2. Here are some well-known Parisien fares that you should try when in town, because they don't make 'em like this anywhere else: French onion soup, croque-monsieur (add a poached egg on top and you have croque-madame), fois gras and escargots. Also make sure to taste the many meat-based main dishes available, such as blanquette de veau and coq au vin. Try all of their salads, particularly salade niçoise and something with goat cheese. Finally, for dessert---everything! But especially macarons, crêpes, pain au chocolat (chocolatine) and croissant aux amandes (almond croissants). And of course, the infamous French baguette!

(My jumbo-sized chocolate coffee macaron from Fauchon. It was so good!)

3. Be patient with the service. Oh, the horror stories you hear about the customer service in Paris: short-tempered waiters who never smile, abrupt and uncaring service, which sometimes includes being abandoned for dozens of minutes without seeing trace of your food or your waiter. Personally though, while I certainly ran into some very blunt service, the majority of times I was served by a cordial and capable waitress (sorry men, but the ladies are nicer!).There was even a waitress at Coquelicot who deducted a few dollars from our bill because we waited unusually long, even by Parisian standeards, for our food to come. But certainly, it can help to: be a girl, speak French with a mock-Parisian accent, and smile a lot at the male waiters.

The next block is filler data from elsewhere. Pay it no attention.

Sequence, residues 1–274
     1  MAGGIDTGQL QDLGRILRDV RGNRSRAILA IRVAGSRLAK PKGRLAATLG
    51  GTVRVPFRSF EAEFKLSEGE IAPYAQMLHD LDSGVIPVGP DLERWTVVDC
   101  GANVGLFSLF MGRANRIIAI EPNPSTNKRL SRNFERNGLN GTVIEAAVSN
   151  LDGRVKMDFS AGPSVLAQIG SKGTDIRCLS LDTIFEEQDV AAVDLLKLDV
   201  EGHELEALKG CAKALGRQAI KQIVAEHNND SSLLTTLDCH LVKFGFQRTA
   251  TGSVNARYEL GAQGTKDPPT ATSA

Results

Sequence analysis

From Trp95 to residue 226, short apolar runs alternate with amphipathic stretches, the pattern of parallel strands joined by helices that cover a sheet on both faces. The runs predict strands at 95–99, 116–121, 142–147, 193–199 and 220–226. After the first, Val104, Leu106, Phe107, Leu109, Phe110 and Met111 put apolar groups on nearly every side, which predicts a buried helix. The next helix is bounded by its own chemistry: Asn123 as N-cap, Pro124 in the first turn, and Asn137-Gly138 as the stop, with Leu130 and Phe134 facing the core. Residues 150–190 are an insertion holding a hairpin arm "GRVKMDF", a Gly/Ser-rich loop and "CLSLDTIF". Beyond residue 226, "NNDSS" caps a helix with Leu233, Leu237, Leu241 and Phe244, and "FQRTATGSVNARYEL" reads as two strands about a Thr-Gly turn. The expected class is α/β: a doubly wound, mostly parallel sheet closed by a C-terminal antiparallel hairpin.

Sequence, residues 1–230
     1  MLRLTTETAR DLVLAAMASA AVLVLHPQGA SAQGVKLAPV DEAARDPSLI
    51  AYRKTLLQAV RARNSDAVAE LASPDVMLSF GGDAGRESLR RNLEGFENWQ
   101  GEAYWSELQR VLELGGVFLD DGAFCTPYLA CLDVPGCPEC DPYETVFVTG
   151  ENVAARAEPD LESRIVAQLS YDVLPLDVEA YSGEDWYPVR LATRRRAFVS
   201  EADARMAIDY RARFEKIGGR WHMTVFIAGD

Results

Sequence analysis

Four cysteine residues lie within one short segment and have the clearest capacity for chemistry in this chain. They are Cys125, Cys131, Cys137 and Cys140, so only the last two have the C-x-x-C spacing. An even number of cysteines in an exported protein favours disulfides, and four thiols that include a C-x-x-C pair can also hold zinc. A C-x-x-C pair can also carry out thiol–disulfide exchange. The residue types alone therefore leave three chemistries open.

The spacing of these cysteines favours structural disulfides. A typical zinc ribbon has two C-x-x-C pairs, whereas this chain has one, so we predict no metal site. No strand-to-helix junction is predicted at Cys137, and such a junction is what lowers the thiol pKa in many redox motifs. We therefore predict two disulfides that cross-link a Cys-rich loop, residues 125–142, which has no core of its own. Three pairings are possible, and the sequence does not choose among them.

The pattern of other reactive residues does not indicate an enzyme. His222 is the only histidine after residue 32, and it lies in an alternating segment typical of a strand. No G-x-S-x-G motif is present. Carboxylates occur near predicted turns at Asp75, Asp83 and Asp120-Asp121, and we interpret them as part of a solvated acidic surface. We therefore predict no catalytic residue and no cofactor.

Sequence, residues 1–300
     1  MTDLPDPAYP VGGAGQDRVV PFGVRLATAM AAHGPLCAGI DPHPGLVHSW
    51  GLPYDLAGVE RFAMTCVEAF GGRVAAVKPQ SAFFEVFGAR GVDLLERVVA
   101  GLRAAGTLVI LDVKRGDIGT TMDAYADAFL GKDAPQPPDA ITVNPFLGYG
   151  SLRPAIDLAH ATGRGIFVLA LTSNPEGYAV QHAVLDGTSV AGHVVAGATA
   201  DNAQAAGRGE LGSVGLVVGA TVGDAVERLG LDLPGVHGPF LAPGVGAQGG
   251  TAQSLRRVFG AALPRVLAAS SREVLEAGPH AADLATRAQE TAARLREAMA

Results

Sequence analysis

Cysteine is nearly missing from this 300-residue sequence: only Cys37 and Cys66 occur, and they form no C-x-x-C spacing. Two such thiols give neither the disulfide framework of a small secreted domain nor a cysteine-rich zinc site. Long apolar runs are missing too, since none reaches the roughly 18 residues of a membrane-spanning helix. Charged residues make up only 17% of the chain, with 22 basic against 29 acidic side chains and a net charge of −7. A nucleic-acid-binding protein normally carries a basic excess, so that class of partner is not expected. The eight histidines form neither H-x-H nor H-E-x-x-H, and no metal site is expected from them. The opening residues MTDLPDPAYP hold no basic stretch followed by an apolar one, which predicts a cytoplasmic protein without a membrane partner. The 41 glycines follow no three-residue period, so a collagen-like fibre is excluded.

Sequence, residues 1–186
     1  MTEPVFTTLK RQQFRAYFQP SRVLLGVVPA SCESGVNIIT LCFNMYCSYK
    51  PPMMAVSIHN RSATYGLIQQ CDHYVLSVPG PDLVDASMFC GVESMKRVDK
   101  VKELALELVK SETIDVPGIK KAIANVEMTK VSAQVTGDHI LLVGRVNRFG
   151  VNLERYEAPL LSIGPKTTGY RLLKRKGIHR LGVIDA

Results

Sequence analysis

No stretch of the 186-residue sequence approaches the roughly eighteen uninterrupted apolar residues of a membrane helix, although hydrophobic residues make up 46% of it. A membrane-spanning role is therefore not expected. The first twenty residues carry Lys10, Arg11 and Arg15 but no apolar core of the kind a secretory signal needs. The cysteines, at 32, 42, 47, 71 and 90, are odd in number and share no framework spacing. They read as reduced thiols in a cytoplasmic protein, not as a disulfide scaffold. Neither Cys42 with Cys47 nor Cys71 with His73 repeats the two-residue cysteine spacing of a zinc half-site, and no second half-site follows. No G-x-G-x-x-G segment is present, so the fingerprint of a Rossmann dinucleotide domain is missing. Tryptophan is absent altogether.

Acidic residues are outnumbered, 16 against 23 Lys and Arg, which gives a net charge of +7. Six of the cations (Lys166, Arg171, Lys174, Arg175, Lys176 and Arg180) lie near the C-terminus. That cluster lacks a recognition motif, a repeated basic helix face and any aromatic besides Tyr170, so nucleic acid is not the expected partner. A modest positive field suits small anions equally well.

Also, remember that the prices listed on menus already include taxes and a 15% tip for the waiter/waitress. So while it's not necessary to leave any tip, you can add an Euro or two for waiters that you especially liked.

4. When ordering coffee, always specify that you want café au lait or café crème, or else they will bring you espresso. Just don't try ordering any coffee after 7pm, because the waiter will then glance at you suspiciously and try to give you wine instead. And in terms of price, remember that wine is cheaper then coffee which is cheaper than Coke. A little glass bottle of imported coke can easily set you back four Euros, while a nice bottle of rosé can go as low as two Euros.